By now, the early excitement surrounding Google Glass has begun with the usual suspects. Television reports have been run, newspaper articles have been written, a million blogs have been posted. And now that we all have a solid concept in our heads about what Google Glass is, and what it can and can’t do, it’s time for the pioneers to step into the the gold mines to see what can be extracted.
With a vast landscape ahead of them, some developers are heading in the navigation direction, others are going after the geolocation approach, while still others are seeking the gaming route. One Texas-based startup is taking their experience in the medical field and looking to bring Glass into the operating room, revolutionizing healthcare in the process.
While Pristine is technically still in stealth mode, I recently spoke with Kyle Samani, CEO of Pristine.io, about their ambitious plans to make Glass an indispensable device for tomorrow’s healthcare professional.
In addition to Kyle at the helm, the founding team of pristine includes Patrick Kolencherry, CTO, Mark Troutfetter, VP of Engineering, and Arik Yaacob, Sr. Technology Architect. The team is currently developing two distinct applications to run on Glass, both of which center around the surgical process. Their focus is on pre, intra, and post-op solutions for surgeons, nurses and anesthesiologists.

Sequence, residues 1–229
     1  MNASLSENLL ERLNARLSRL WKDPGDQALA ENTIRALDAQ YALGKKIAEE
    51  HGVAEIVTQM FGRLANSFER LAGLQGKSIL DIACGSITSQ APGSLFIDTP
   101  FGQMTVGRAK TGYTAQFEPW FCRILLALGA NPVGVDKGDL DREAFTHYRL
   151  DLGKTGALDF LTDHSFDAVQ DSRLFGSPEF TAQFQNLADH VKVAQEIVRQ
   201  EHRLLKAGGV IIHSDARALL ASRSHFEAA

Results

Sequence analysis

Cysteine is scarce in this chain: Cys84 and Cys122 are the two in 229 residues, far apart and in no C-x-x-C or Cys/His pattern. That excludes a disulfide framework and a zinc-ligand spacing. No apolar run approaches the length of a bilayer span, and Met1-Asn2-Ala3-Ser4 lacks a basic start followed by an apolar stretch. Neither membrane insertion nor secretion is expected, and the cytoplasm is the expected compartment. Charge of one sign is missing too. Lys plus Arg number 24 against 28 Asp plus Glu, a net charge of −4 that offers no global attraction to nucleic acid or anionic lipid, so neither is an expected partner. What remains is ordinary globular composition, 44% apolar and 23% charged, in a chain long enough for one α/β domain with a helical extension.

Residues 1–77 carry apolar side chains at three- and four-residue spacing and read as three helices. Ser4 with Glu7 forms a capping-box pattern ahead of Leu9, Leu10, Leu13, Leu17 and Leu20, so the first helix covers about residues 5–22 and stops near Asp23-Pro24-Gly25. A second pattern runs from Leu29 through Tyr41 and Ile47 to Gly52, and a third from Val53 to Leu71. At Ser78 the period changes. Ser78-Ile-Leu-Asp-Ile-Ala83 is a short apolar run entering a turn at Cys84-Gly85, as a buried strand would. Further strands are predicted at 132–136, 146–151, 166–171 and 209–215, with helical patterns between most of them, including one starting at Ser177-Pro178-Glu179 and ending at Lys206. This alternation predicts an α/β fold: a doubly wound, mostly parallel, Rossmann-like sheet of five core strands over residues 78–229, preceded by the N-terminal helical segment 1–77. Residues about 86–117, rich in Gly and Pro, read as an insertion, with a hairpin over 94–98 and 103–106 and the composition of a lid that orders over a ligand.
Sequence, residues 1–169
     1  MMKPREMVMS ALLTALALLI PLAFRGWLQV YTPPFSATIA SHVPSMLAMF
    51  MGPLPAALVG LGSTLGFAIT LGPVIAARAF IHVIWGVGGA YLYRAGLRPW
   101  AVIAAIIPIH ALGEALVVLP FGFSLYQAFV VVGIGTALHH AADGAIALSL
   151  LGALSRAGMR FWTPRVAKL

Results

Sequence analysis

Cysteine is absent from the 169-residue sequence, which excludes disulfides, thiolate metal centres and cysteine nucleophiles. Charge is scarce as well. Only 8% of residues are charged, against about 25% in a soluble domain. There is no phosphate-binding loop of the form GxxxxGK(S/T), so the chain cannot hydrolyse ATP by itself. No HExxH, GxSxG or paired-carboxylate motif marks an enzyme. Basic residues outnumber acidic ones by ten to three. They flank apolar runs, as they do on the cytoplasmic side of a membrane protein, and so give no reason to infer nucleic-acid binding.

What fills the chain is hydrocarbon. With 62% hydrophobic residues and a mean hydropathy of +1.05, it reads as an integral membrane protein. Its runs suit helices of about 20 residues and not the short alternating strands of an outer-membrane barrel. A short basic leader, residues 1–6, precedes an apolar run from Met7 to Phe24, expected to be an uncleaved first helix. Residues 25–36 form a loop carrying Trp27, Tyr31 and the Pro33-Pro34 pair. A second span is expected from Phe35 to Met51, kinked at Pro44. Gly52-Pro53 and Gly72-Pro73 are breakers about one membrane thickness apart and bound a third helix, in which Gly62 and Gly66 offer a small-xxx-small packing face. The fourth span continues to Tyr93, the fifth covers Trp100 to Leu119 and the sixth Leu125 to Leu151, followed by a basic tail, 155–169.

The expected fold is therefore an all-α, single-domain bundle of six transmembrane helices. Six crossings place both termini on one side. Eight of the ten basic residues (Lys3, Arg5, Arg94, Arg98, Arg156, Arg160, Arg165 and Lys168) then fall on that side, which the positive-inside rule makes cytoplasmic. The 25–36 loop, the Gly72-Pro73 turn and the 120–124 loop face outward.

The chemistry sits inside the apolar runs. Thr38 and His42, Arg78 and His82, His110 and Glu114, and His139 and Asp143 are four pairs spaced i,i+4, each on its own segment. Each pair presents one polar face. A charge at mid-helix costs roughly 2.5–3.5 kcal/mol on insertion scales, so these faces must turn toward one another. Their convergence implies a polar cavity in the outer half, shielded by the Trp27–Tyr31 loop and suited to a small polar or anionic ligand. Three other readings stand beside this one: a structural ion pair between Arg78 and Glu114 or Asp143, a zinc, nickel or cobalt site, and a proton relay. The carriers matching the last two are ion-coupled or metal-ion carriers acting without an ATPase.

“We’re adding value across four dimensions: patient safety, efficiency (saving money), teaching and training, and convenience for the medical professionals” Kyle says.
When it comes to patient safety, Kyle says that one (potential) use case for Pristine is retrieving data from the EMR (Electronic Medical Record). As we’ve seen with a number of other uses for Glass, it’s an unobtrusive device that’s perfect for accessing text-based data, and freeing up healthcare workers hands could have huge potential.
“If you’re running around all day, using your hands, and you need to access and share information, Glass is going to change how you do your job,” Kyle says. “Studies have shown that smartphones are some of the dirtiest places on earth. Our users will never touch Glass once they put it on.”